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Full Text: Anthropos, 32.1937

156 
Rev. S. Gnana Prakasar, O. M. I. 
Dravidian Grammar and Syntax in Sinhalese. 
Now, the language of the original inhabitants of Ceylon, as far as can 
be traced from the “unknown formations” of declension and conjugation and 
the construction of sentences in Sinhalese, was without doubt, an ancient form 
of Dravidian.-This we shall point out in the sequel. James de Alwis had noted, 
this long ago. In the Introduction to his learned translation of the Sidath 
Sangara he wrote: “The Singhalese is unquestionably an Indian dialect; and 
looking merely to the geographical position of Ceylon, it is but natural to 
conclude that the Singhalese owe their origin to the inhabitants of Southern 
India, and that their language belongs to the Southern family of languages. 
To trace, therefore, Singhalese to one of the Northern family of languages and 
to call it a dialect of Sanscrit, is apparently far more difficult than to 
assign it an origin common with the Telingu, Tamil and Malayalim, the 
Southern family 3 .” He also held the opinion that the native tongue of the 
ancient Ceylonese, which later became Sinhalese, had been itself derived “from 
the same source from whence Sanscrit and Pali have been derived” 4 . We 
shall return to this interesting opinion later. 
That the grammar and construction of Sinhalese have always remained 
Dravidian in the main, is admitted by all serious students of the present day. 
I can do no better than quote here at some length from a living Sinhalese 
scholar. In a lecture delivered at Ananda College, Colombo, “before the Direc 
tor of Education and a gathering of learned men” on the 28 th of September 1918 
Mudaliyar W. F. Gunawardhana gave a succinct account of the whole argu 
ment. After alluding to the traditional story of Vijaya and his seven hundred 
followers invading Ceylon from a country where a certain form of Prakrit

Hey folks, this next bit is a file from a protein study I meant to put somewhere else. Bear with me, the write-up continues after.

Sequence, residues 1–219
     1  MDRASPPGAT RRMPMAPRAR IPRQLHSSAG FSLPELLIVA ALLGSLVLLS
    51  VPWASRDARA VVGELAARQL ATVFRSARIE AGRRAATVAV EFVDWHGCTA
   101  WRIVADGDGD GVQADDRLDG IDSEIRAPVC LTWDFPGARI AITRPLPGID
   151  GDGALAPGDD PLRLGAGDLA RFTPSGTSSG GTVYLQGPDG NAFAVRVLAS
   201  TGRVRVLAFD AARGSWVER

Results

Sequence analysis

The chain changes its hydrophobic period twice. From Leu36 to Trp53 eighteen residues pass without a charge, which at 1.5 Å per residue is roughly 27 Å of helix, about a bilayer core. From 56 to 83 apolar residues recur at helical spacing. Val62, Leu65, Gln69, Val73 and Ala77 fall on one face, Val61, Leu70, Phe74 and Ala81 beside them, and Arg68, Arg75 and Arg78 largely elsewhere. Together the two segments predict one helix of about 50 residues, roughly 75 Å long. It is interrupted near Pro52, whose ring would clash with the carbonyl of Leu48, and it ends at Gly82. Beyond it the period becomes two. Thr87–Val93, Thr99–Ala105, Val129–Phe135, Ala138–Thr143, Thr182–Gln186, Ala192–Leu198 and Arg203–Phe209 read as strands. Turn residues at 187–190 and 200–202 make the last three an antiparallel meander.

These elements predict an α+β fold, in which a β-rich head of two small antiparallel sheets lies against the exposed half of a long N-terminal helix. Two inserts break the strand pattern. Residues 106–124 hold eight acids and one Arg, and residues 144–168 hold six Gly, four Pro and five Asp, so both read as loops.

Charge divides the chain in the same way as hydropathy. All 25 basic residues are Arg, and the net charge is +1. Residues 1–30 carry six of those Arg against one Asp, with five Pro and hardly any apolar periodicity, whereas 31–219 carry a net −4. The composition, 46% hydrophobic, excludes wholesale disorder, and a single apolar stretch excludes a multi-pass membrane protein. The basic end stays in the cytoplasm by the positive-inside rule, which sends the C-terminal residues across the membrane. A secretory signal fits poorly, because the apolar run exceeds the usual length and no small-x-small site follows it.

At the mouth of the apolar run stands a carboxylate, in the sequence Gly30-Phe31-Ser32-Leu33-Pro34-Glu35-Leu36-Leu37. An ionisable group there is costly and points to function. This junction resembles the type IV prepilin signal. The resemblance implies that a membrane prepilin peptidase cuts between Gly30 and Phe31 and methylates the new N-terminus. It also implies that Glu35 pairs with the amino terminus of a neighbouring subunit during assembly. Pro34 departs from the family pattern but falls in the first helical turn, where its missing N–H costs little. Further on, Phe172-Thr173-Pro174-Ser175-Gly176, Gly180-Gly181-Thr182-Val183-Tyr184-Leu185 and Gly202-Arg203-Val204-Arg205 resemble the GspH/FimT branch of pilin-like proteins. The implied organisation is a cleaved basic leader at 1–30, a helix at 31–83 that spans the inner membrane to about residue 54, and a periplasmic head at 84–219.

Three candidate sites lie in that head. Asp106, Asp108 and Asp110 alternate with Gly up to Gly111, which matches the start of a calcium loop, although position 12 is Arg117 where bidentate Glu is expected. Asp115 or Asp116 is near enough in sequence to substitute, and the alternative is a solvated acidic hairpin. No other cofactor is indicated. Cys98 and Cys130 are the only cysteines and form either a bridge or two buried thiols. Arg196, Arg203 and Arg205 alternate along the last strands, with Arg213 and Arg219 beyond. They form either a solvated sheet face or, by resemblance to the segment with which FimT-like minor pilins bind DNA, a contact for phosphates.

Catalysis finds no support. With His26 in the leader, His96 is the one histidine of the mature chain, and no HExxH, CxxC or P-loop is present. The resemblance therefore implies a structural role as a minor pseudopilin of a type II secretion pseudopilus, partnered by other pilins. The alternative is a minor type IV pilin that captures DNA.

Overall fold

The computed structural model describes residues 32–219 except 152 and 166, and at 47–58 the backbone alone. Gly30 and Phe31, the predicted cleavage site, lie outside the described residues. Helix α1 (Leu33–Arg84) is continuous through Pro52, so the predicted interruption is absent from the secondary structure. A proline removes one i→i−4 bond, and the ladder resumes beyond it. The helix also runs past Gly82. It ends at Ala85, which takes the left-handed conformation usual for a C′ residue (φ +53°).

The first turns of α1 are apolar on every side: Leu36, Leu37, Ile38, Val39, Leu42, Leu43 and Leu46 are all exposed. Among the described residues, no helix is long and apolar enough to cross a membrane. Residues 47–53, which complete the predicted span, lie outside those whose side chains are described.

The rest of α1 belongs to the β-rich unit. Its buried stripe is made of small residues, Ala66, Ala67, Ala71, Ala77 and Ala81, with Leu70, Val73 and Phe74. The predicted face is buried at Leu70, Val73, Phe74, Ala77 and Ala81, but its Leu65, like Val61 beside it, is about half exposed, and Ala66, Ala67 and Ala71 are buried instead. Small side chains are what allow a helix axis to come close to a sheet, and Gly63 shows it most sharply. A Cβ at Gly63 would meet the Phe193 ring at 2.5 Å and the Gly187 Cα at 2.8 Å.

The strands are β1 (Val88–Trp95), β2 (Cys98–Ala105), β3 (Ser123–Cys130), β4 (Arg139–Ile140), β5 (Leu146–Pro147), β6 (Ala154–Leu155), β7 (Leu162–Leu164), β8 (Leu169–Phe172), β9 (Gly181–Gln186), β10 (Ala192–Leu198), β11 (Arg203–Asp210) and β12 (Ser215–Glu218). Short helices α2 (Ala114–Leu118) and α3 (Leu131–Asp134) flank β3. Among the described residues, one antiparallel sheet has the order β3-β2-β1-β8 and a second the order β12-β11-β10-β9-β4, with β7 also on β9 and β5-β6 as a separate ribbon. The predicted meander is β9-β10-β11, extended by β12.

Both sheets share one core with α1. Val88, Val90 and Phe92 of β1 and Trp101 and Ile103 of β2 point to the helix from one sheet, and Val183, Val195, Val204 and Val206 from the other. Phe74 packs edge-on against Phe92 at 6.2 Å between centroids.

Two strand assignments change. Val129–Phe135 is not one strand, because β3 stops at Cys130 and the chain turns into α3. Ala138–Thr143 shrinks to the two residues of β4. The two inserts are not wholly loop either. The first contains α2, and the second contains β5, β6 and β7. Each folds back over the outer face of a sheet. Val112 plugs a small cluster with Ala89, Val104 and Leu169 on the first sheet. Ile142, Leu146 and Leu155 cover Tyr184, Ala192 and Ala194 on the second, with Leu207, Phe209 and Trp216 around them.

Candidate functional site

was spoken, and of their taking wives, with a large retinue, from the Tamil 
country in South India, the Mudaliyar said: 
“Language, it may be premised, is the medium for the communication of 
our thoughts, and thoughts are communicated not by isolated words, but by 
means of sentences, Language taken essentially is, therefore, the sentence, and 
grammar is that science which analyses and explains the construction of the 
sentence. Scientifically, therefore, the determining factor of a language is not 
its vocabulary, but its structure, viz., that aspect of it which is concerned with 
the arrangement and mutual adjustment of words in the expression of thought; 
and in this respect, it must be said, that Sinhalese is essentially a Dravidian 
language. This is not all. Its evolution too seems to have been on a Tamil basis. 
And so we seem safe in saying that, while, in regard to its word-equipment, 
Sinhalese is the child of Pali and Sanskrit, it is, with regard to its physical 
features and physical structure, essentially the daughter of Tamil.. . We have 
already seen that Pali, if it was not the actual dialect of Prakrit introduced by 
Vijaya and his followers into Ceylon, at any rate, fairly represents the lan 
guage introduced. We shall, therefore, make this the standard of comparison 
in our further remarks. 
. 3 Sidath Sangara, p. XLVI. 
' 4 lb., pp. XXI, XL, XLVI.
	        
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